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NetGalley was nice enough to accept my request to read House of Trelawney. Sadly, I soon discovered that this book wasn't quite what I'd envisioned. I'm 40% in and the story has just sort of begun. Until that point we have countless scenes showing us how pathetic and silly the Trelawneys are. Most of the men in this novel are a mixture of bumbling and patronising fools. The women are subservient or considered weird/odd/undesirable and cannot stand up for themselves.
I'm fine with stories focused on dysfunctional family (rich or not) but these caricatures of aristocracy lacked bite and humour. Just because they are made to seem ridiculous doesn't mean that they are funny or clever satirical portraits of certain aristocratic/privileged types.
Worse still is that nothing much happens. The story is dull on all fronts. The Trelawney's House is only vaguely rendered. We have no clear descriptions other than it is 'run down'.
The characters predictably whiny and self-absorbed, reminding me very much of
Eligible by Curtis Sittenfeld . Exaggerating their quirks and behaviours doesn't really result in satire....

Since time is precious and all of that, I'm doing myself a favour by abandoning this novel. If unfunny satirical and uneventful stories are your thing you might want to check this out...
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First of all I'd like to thank Netgalley and Bloomsbury Publishing for sharing an ARC in exchange for an honest review. 

This story is about the house of Trelawney which has been in existence for hundreds of years. We come to know many of the family members but the story really centres on three friends from childhood, Jane, Blaze and Anastasia. Jane is the wife and Blaze is the sister of Kitto, the current earl. At the beginning of the story there's a letter from Anastasia to Blaze and Jane, revealing she is dying and asking for one of them to take in her daughter. Anastasia may not be present but she has something of a ghostly presence and her actions have an effect on many in the family.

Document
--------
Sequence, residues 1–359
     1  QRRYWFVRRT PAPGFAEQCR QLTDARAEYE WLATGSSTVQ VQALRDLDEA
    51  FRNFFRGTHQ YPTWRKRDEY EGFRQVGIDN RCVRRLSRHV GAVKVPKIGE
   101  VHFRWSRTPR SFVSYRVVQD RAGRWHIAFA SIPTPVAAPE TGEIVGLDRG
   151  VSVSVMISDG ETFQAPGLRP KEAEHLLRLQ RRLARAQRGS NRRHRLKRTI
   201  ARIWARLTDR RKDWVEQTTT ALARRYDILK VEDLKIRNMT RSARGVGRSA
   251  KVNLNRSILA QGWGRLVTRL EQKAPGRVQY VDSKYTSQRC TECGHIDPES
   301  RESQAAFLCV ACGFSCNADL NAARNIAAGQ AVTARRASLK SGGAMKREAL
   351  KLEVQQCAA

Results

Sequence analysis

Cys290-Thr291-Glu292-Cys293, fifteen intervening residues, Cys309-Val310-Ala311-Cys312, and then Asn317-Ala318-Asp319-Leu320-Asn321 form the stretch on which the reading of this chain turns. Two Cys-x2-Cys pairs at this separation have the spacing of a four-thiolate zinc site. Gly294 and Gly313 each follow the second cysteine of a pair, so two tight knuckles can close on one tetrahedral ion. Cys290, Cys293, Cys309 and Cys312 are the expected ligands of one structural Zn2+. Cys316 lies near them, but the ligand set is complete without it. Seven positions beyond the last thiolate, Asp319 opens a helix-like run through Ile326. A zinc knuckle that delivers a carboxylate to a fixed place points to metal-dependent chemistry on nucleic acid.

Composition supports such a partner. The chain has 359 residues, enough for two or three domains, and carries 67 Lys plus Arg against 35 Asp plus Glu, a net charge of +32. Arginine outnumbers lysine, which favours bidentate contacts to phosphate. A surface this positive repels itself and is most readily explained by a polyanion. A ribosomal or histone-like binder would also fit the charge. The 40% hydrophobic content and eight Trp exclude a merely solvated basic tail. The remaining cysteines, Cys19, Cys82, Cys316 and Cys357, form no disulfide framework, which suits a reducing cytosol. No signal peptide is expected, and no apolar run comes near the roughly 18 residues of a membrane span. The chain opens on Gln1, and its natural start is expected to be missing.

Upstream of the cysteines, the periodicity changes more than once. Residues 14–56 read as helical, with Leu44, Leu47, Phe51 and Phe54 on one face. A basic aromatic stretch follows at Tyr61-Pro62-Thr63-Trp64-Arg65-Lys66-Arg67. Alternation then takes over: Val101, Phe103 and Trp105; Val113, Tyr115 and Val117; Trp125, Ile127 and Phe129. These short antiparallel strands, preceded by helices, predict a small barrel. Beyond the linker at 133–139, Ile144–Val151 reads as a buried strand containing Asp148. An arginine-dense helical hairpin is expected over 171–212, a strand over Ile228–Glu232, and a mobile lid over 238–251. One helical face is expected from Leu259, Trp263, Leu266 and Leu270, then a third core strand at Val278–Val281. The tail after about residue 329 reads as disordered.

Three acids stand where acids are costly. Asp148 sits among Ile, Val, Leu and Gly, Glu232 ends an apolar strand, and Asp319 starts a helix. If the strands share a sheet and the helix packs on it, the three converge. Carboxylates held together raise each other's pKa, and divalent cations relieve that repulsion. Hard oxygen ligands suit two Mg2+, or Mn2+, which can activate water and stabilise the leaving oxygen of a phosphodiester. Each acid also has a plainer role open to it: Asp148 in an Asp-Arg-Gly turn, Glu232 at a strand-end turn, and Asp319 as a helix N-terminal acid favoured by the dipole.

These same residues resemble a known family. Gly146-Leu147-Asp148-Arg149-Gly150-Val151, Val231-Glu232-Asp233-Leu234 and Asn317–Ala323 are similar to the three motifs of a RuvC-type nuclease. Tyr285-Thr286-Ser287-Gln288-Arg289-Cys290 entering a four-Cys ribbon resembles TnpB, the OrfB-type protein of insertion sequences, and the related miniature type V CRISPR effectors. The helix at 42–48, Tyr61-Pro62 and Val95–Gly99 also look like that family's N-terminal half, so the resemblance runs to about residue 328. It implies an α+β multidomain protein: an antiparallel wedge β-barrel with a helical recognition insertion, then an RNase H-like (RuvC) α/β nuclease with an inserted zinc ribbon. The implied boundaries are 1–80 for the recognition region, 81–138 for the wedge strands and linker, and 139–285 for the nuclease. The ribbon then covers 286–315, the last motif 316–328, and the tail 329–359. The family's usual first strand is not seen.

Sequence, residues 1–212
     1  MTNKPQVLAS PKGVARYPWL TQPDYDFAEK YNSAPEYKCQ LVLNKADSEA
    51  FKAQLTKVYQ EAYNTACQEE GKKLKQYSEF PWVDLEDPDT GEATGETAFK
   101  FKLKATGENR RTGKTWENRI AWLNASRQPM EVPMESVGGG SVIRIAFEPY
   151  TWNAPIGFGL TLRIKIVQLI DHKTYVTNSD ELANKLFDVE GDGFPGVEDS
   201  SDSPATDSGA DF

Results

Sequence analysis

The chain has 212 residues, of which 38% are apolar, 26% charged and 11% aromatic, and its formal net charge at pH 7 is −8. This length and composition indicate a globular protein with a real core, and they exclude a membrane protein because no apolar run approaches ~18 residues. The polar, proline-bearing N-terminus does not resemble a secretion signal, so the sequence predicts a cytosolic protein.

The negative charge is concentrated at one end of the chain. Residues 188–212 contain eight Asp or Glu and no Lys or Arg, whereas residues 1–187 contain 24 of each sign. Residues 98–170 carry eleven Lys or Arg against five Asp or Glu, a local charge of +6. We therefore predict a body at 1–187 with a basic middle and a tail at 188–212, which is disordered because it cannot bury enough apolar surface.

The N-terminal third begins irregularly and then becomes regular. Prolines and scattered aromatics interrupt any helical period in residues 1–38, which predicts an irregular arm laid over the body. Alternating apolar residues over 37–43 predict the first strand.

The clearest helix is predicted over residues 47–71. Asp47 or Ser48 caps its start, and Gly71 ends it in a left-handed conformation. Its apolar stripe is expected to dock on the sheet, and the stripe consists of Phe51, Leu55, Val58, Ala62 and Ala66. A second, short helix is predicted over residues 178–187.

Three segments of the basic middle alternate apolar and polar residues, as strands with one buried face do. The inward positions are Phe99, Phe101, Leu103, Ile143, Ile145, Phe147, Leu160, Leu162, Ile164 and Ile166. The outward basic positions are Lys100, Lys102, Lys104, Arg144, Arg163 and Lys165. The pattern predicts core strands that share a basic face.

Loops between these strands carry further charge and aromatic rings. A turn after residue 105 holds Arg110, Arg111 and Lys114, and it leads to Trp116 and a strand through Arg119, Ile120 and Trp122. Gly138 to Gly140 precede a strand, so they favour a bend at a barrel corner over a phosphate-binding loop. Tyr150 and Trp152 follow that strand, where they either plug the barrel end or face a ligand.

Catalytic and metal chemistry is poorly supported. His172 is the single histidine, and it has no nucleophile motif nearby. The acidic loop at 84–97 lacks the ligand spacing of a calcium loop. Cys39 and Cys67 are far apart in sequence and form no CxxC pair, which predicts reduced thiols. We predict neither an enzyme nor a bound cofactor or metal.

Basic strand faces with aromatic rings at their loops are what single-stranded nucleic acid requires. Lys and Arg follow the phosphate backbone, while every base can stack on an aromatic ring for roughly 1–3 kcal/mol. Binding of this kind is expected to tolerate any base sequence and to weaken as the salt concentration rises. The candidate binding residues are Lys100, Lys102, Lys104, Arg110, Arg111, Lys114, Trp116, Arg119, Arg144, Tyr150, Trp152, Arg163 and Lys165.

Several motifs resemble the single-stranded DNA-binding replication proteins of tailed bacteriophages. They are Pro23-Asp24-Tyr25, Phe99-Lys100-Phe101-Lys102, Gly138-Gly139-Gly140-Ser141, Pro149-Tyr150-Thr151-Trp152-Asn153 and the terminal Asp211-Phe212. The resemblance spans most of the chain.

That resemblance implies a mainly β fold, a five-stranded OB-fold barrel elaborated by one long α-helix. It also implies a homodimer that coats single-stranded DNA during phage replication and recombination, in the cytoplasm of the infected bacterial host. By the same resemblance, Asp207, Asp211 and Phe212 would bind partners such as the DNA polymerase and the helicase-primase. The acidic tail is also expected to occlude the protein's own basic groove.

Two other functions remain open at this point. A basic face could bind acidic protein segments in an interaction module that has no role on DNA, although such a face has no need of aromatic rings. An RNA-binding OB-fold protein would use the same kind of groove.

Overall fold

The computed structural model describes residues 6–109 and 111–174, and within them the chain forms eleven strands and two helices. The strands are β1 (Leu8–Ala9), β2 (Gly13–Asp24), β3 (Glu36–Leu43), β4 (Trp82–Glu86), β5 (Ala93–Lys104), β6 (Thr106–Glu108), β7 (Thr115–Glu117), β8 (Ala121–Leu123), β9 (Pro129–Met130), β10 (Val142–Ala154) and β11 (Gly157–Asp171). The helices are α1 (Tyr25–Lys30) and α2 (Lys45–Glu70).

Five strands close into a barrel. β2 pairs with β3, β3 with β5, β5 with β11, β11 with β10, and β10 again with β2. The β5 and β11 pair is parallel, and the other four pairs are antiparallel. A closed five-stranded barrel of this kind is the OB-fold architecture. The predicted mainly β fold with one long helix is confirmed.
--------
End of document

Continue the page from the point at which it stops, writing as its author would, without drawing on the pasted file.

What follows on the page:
Jane has tirelessly tried to keep the home going, despite a husband who gets stuck into bad financial schemes and fritters away the little money they have. Meanwhile Blaze is a whiz working in finance but whose warnings of financial crisis are being ignored in 2008 London. During the course of a couple years these characters will develop in ways they haven't before and the reader follows the progress with insights into many of the family members along the way. 

Okay I went through stages with this book. At first I was quite engaged but then I found it dragged quite a bit. I think it took a lot to understand the multitude of characters presented here. Further along, I found myself getting a better idea of what was going on and then things seemed to fall into place a bit more. To be honest the promise of great wit wasn't fulfilled all that much, particularly in the first half of the book. I began to see it a bit more as the story progressed but it wasn't complete. By the end I could appreciate a lot more of the story and I did like it in the end. 

I do take some issue with this idea that Apple was an up and coming company in 2008 since it's been around for ages. Also, I felt like the ending wasn't terribly satisfying and left a few too many loose ends. I don't expect all to wrapped up, especially with so many characters. But I do think all of the main arcs should be addressed to some degree. 

Anyway, I did like this overall and give it 3 stars.
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Loved this satire. The plot is turning the pages, from the start of the novel a letter arrives to the crumbling castle trelawney, and disturbs some of its inhabitants. Trelawneys are penniless aristocrats and their situation is something that could happen, but of course exaggerated for good reason.  extremely well-portrayed characters have funny dialogue - what's not to like.
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Gently satirical, this look at aristocracy in the modern world has a wonderful blend of interesting characters and sharp observations.
Life in Britain has a changed drastically in the last 100 years, many of the large family estates have fallen into decay and everyone has been affected by the blithe arrogance of worldwide bankers and money managers. I love the way that the author has packaged such bitter truths in such an entertaining read.
Definitely hoping for a follow-up.